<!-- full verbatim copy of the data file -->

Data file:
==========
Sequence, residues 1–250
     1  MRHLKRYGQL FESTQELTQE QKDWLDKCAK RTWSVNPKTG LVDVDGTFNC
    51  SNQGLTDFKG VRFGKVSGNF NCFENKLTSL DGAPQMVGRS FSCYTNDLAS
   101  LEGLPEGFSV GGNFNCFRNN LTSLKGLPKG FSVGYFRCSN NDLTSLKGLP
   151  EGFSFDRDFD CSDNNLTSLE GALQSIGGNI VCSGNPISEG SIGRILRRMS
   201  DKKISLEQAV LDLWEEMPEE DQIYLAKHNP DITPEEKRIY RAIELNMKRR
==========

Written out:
Sequence, residues 1–250
     1  MRHLKRYGQL FESTQELTQE QKDWLDKCAK RTWSVNPKTG LVDVDGTFNC
    51  SNQGLTDFKG VRFGKVSGNF NCFENKLTSL DGAPQMVGRS FSCYTNDLAS
   101  LEGLPEGFSV GGNFNCFRNN LTSLKGLPKG FSVGYFRCSN NDLTSLKGLP
   151  EGFSFDRDFD CSDNNLTSLE GALQSIGGNI VCSGNPISEG SIGRILRRMS
   201  DKKISLEQAV LDLWEEMPEE DQIYLAKHNP DITPEEKRIY RAIELNMKRR